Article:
More than a year after Hurricane Katrina hit the Gulf Coast, Americans are still wondering how prepared the nation is for the next "big one." They have reason to be concerned. A recent assessment by the Department of Homeland Security indicates that 27% of the states and 10% of the cities evaluated were not prepared to handle a "catastrophic event" of any kind. And while the National Oceanic and Atmospheric Association (NOAA) now believes this hurricane season will not be as severe as they once predicted, the agency still can't specify with any real certainty when and were the next tropical storm or hurricane will strike.
"Science has not evolved enough to accurately predict on seasonal timescales when and where these storms will likely make landfall," says Gerry Bell, NOAA's lead seasonal hurricane forecaster. "Exactly when and where landfall occurs is strongly controlled by the weather patterns in place as the storms approach land. These weather patterns generally cannot be predicted more than several days in advance."
Can technology help? It already has. But so far most predictions—or warnings—of natural disasters have come out of the constant tweaking of computer models developed by supercomputers, weather-specific satellites, and radar.
A DIRE NEED
The need for innovation is obvious. Hurricane Katrina taught the U.S. a lot of hard lessons. When the storm hit the Gulf in August 2005, the region's emergency communications infrastructure had difficulties coping with the demand. What's more, the various groups of first responders, who already had the monumental challenge of evacuating a city that even in the face of the storm was ill-prepared to do so, were unable to communicate with each other. The cause? Radios that weren't interoperable.
Washington Technology, a bimonthly magazine for IT system integrators and resellers, highlighted the problem in its coverage of the first anniversary of the tragedy. "The preparation for and response to Hurricane Katrina show we are still an analog government in a digital age," said the final report of the congressional Select Bipartisan Committee on Preparations for and Response to Hurricane Katrina. "We must recognize that we are woefully incapable of storing, moving and accessing information— especially in times of crisis."
Communications interoperability is another huge issue. When local government officials from across the country met at the United States Conference of Mayors this past June, it was revealed that municipal public safety agencies in 80% of the cities in the U.S. use equipment that is not interoperable. Most of these systems operate on different frequencies, and currently there are no public safety radios that operate on more than one public safety frequency band.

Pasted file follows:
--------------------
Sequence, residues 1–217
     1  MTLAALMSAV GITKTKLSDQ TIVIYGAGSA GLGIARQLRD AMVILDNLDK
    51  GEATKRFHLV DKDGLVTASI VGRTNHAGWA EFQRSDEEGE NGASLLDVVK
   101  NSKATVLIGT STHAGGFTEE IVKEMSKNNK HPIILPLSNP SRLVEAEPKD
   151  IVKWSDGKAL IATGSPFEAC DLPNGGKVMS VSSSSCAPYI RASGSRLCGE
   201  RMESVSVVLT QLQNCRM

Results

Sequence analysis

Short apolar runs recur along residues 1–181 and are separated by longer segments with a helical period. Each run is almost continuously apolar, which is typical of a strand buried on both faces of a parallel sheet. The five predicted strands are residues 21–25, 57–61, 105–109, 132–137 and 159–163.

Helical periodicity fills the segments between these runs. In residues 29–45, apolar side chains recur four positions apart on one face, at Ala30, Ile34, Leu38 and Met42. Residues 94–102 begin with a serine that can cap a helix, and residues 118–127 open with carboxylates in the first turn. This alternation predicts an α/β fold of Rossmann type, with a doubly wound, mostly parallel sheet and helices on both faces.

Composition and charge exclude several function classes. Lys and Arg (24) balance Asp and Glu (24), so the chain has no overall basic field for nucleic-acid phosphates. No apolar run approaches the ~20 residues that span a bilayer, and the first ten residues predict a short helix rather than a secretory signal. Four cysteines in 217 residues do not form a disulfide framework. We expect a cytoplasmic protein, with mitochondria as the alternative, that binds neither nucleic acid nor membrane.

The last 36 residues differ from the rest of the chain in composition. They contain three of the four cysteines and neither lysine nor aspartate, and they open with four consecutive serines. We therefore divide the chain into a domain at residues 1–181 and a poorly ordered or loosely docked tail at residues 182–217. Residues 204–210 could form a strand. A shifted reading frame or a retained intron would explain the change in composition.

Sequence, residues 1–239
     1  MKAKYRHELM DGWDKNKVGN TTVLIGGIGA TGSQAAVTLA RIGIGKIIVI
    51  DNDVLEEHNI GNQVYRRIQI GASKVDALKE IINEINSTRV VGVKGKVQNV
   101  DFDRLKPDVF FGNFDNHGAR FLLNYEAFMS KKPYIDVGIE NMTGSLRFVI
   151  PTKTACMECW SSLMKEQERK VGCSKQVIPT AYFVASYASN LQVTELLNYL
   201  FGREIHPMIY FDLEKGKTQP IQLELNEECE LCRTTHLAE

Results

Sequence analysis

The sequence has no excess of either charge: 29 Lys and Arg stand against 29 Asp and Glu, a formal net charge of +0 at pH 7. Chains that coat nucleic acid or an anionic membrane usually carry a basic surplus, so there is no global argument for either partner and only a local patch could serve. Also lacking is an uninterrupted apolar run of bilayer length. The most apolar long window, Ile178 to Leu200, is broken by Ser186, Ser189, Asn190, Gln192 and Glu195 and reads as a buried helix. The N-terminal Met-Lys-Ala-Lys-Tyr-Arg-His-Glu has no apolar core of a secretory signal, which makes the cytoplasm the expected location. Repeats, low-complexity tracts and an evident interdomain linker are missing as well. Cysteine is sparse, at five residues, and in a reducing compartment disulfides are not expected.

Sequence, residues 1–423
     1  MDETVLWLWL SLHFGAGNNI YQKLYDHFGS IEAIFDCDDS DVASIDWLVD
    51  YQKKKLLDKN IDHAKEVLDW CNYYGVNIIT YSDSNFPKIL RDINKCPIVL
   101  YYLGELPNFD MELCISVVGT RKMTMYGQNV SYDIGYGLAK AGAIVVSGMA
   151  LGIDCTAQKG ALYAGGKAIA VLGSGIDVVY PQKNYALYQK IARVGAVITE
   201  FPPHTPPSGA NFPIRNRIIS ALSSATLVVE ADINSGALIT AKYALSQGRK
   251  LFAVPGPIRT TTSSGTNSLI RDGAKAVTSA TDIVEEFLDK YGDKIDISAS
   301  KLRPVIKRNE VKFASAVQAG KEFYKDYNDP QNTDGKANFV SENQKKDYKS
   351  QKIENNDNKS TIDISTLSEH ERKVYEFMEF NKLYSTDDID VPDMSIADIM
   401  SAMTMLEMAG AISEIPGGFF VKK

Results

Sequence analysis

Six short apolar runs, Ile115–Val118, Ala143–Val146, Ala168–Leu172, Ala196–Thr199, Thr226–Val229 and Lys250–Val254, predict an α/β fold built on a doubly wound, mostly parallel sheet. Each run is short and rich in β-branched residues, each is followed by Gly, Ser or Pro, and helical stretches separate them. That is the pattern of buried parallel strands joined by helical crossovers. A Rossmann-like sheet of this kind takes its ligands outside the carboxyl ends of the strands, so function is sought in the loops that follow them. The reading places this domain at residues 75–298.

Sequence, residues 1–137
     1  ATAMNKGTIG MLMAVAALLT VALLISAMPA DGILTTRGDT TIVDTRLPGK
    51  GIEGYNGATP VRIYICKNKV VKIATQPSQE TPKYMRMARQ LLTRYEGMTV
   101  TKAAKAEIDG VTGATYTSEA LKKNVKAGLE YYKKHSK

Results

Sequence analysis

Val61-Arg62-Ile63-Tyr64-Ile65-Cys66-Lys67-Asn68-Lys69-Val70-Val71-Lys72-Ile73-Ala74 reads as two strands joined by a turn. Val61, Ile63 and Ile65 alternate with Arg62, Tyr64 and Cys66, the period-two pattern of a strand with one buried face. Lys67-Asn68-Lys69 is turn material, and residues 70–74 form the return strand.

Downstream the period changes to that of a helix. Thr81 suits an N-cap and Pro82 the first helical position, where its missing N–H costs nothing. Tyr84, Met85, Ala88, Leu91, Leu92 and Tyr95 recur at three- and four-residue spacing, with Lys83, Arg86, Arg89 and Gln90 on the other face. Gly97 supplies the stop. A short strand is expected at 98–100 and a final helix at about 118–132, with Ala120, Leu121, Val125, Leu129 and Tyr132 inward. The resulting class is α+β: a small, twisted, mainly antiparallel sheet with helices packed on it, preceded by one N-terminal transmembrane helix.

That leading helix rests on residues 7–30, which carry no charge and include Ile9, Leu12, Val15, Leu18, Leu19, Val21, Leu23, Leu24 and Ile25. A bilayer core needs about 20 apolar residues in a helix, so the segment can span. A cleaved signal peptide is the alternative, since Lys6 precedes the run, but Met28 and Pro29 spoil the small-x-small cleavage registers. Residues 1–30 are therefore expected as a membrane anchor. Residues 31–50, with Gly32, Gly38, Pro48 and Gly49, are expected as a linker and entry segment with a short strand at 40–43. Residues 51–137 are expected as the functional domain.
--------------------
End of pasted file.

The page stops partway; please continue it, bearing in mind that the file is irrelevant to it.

In most areas, public safety communications require users to link incompatible radios by plugging them into a switch/programmable interconnect device. If responders with VHF radios arrive at an incident in which the radio system in use is an 800-MHz system, for instance, a VHF radio and the 800-MHz radio would be plugged into the switch. When a responder with a VHF radio talks, the VHF radio connected to the switch would output the audio through the switch, and the 800-MHz radio would rebroadcast the same audio.
Perhaps the most promising solution to the interoperability problem is SDR, or software-defined radio, which can update and change modulation schemes, protocol standards, and frequency bands (see "SDR Tuning Up To Provide Disaster Relief," p. 43).
The SDR Forum's "Report on SDR Technology for Public Safety" calls for SDR-based multiband radios, which would enable first responders to have a single radio that could be configured to operate on radio systems regardless of band. That by itself won't solve the interoperability problem, but the SDR trade group says it would provide capabilities that would address many situations in which responders to emergencies have incompatible radio systems.
Another major step, the SDR Forum believes, would be the ability to license the protocols of proprietary systems so the responders could have radios that operate independently of frequency band and vendor protocols. Market researcher Venture Development Corp. (VDC) suggests that local, regional, and state first responders may be leading the way in deploying SDR.
VDC recently collected detailed Web survey responses from more than 300 U.S. first-responder units (Fig. 1). Its finding revealed that SDR is currently considered a critical part of their nextgeneration communications infrastructure—despite the fact that the typical pipeline for this type of technology is the Pentagon. But interoperability is only part of the issue.
"Though there are interoperability channels right now in most public safety frequency allocations, those channels, and all others, become useless where the communications infrastructure of public safety facilities becomes inoperative," says Harold Kramer, chief operating officer of the American Radio Relay League (ARRL), a national association for amateur radio operators that has been in existence for over 90 years.
"Hardening" of public safety facilities is called for, Kramer says, but the ARRL sees an increasing role for decentralized portable amateur radio stations that aren't infrastructuredependent in providing interoperability communications on-site (see "Hams To The Rescue" at www.electronicdesign.com, ED Online 13650).
Immediately at the onset of Katrina, about a thousand Federal Communications Commission-licensed amateur radio operators began providing continuous high-frequency (HF), VHF, and UHF communications for state, local, and federal emergency workers in and around Louisiana, Mississippi, and Alabama while agencies like local fire, EMS, and disaster management teams struggled to communicate at all.
The ability to produce more precise short-term forecasts has long been the desire of weather forecasters. Now, a new tool may help them accomplish this goal.